On International Woman's Day, we want to flag up our support for the ambition that 'each one of us - through purposeful collaboration - can help women advance and unleash the limitless potential offered to economies the world over'.
Last September, as World Water Week got underway in Stockholm, the home city of Bluewater, experts gatherered to try to improve the world’s access to water. During the meeting Unicef, the UN children’s agency, stressed that the opportunity cost of lack of access to water disproportionately falls on women who were spending 'over 200 million hours every day collecting water.'
Sanjay Wijesekera, UNICEF’s global head of water, sanitation and hygiene, told delegates: “Just imagine: 200 million hours is 8.3 million days, or over 22,800 years. It would be as if a woman started with her empty bucket in the Stone Age and didn’t arrive home with water until 2016. Think how much the world has advanced in that time. Think how much women could have achieved in that time.”
The UN’s Sustainable Development Goal for water and sanitation, Goal 6, calls for universal and equitable access to safe and affordable drinking water by 2030. The first step is providing everyone with a basic service within a 30-minute round trip, and the long term goal is to ensure everyone has safe water available at home. However, UN estimates are that in sub-Saharan Africa, for example, for 29 per cent of the population (37 per cent in rural areas and 14 per cent in urban areas), improved drinking water sources are 30 minutes or more away.
In sub-Saharan Africa, one roundtrip to collect water is 33 minutes on average in rural areas and 25 minutes in urban areas. In Asia, the numbers are 21 minutes and 19 minutes respectively. However for particular countries the figures may be higher. A single trip takes longer than an hour in Mauritania, Somalia, Tunisia and Yemen.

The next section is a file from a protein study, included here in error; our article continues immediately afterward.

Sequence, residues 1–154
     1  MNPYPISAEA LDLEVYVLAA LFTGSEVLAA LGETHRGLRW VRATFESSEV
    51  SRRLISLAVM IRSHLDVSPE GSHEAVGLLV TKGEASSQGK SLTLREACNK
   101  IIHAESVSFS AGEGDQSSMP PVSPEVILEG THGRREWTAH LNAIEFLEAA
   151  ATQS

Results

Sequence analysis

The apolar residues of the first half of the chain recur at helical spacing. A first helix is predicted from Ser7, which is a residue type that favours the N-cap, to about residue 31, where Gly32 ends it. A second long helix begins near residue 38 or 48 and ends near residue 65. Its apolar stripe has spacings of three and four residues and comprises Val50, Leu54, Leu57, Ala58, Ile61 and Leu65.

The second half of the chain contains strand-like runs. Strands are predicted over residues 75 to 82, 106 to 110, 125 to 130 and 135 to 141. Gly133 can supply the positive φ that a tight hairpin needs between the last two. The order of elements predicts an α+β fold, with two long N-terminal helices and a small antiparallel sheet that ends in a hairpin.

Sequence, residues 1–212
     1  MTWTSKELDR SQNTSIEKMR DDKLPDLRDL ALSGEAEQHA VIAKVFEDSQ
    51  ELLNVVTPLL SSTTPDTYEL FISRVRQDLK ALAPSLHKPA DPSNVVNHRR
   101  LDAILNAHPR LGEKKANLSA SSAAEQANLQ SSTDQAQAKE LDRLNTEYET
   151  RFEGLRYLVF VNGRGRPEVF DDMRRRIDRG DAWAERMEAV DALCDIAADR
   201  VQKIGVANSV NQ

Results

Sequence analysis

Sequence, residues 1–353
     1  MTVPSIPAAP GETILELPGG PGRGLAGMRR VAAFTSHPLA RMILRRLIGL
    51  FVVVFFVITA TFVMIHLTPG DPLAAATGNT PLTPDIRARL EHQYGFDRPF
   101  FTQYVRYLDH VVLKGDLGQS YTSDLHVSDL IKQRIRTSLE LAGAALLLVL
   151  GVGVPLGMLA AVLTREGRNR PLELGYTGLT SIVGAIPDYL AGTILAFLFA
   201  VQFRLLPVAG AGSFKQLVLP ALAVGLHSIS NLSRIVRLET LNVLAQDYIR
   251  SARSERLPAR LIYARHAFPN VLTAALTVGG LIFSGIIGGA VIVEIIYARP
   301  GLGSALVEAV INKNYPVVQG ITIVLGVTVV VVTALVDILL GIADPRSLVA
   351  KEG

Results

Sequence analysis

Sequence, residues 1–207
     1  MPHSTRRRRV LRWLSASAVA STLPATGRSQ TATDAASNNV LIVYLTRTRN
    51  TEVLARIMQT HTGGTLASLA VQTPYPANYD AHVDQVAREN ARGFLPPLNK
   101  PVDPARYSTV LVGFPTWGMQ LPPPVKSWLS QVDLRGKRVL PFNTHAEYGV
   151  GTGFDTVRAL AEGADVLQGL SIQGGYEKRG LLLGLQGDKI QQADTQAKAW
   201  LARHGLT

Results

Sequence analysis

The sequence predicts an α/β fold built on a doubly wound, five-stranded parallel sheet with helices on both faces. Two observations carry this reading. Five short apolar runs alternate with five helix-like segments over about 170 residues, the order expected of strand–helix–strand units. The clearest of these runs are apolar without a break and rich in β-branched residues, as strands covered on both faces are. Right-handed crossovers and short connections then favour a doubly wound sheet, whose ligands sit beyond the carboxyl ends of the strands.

When water is not piped to the home the burden of fetching it falls disproportionately on women and children, especially girls. A study of 24 sub-Saharan countries revealed that when the collection time is more than 30 minutes, an estimated 3.36 million children and 13.54 million adult females were responsible for water collection. In Malawi, the UN estimates that women who collected water spent 54 minutes on average, while men spent only 6 minutes. In Guinea and the United Republic of Tanzania average collection times for women were 20 minutes, double that of men.
For women, the opportunity costs of collecting water are high, with far reaching effects. It considerably shortens the time they have available to spend with their families, on child care, other household tasks, or even in leisure activities. For both boys and girls, water collection can take time away from their education and sometimes even prevent their attending school altogether.
This year the theme for International Women's Day addresses a call on the masses (or yourself) to help forge a better working world - a more gender inclusive world – by taking groundbreaking action that truly drives the greatest change for women. That's something we certainly stand behind at Bluewater. Every woman counts! #BeBoldForChange